Celestron's Inspired series of telescopes offers a number of great options, and among them are the Celestron Inspire 70AZ (which has a focal ration of f/11) and the Inspire 80AZ (and its focal ratio of f/11.3). But our pick is the Celestron Inspire 100AZ — which has the biggest aperture and a focal ratio of f/6.6, letting more light in and offering the brightest views in this range. 

But above everything else, it's really easy to set up and a great choice for anyone starting out. It also comes packaged with various accessories so you can set it up and use it straight out of the box without too much hassle or stress figuring out how everything works — letting you see objects in the night sky much quicker.

While it is suitable for beginners, it isn't a perfect telescope. During our Celestron Inspire 100AZ review, we did detect some false color (which we'd expect at this price) and some blurring in the field of view. However, the latter is easily resolved with a careful selection of one of the best eyepieces.

The Inspire 100AZ comes with several accessories, including two eyepieces (20mm and 10mm), a red LED flashlight for low-light visibility without disrupting night vision, an accessory tray for gear storage, a StarPointer Pro finderscope for locating celestial objects and a smartphone adapter for basic astrophotography. This telescope is very versatile and suitable for various subjects in both daytime (terrestrial) and nighttime (celestial) viewing.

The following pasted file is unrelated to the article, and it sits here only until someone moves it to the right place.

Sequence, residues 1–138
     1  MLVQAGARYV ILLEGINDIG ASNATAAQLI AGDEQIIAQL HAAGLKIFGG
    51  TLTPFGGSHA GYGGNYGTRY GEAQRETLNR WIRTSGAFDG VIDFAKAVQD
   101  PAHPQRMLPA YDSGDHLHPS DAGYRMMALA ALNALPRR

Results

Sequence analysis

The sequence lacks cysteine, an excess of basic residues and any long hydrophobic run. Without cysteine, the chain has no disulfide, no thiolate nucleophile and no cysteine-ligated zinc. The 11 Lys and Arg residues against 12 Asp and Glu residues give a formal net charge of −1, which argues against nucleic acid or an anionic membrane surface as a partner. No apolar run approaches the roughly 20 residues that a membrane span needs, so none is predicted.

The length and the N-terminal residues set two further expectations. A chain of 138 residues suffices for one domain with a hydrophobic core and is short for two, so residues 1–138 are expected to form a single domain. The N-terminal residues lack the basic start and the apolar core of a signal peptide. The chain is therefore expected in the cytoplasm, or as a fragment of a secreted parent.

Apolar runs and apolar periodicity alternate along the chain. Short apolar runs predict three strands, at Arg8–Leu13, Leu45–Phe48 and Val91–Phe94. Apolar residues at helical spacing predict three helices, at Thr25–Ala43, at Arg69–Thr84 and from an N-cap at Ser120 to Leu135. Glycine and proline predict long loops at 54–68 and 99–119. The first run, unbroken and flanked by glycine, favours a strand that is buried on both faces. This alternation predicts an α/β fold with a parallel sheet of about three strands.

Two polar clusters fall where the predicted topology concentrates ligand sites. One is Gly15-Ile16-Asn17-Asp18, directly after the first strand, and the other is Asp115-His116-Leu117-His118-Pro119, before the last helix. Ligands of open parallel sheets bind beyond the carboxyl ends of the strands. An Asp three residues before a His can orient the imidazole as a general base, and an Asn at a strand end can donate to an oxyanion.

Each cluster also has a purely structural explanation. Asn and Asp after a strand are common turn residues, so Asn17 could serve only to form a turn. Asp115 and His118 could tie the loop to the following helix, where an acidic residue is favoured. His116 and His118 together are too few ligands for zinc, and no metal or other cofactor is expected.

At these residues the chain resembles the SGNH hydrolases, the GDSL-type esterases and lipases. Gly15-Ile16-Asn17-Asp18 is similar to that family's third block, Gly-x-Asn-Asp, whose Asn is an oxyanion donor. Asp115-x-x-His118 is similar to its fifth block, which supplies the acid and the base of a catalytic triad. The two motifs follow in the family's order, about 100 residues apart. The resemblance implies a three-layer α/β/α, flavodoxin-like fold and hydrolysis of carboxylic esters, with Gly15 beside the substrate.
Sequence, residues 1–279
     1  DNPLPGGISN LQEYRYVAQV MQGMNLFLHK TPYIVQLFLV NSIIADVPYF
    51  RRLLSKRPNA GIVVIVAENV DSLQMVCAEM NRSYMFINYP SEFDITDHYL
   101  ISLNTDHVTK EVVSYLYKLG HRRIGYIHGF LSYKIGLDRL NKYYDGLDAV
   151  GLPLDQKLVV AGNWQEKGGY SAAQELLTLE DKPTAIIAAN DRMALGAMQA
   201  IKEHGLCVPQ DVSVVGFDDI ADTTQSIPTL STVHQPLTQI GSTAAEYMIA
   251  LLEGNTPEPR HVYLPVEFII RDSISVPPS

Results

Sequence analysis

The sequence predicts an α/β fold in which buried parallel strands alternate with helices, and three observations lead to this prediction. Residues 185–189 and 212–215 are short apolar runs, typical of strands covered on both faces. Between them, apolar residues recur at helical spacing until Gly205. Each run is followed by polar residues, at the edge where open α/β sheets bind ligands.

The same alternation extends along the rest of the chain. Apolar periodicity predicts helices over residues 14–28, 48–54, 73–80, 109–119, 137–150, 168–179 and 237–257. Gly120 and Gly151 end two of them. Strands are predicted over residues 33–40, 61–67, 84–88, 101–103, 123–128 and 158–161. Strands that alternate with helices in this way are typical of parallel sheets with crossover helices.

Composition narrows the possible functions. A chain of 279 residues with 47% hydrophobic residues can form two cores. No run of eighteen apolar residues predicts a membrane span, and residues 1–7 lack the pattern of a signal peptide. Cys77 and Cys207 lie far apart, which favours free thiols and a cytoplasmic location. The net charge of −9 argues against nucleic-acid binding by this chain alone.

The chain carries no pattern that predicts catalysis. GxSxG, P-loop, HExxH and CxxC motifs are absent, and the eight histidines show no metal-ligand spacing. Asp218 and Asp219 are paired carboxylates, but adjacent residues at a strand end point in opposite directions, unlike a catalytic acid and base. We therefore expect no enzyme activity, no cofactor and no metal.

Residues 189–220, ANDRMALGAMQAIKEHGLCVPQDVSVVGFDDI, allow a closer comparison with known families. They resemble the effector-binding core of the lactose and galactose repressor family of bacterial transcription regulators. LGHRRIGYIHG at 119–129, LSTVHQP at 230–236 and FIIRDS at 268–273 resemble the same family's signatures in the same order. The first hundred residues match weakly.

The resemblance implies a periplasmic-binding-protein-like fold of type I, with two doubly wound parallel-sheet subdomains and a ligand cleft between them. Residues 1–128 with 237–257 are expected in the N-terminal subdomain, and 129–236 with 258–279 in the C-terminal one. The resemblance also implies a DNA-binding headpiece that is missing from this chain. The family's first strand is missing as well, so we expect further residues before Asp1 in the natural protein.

Unlike other beginner telescopes that have delicate optical finders limited to locating only the brightest stars, the Celestron Inspire 100AZ telescope's StarPointer Pro presents a notable advancement. With improved accuracy and dependability, it makes navigation easier for beginners. The StarPointer's impressive capability to identify faint stars, even in moderately light-polluted areas, enhances the overall stargazing experience.

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Celestron Inspire 100AZ
AttributesNotes
DesignComes with a lens cap that doubles as a phone holder.
PerformanceExcels with lunar views.
FunctionalityEasy to assemble and take down.

Best for basic astrophotography

Celestron StarSense Explorer DX 130 AZ set against a white background

In our review, we were impressed with the StarSense app and the GPS locating capability, which (sometimes) prevents laborious alignment procedures. (Image credit: Celestron)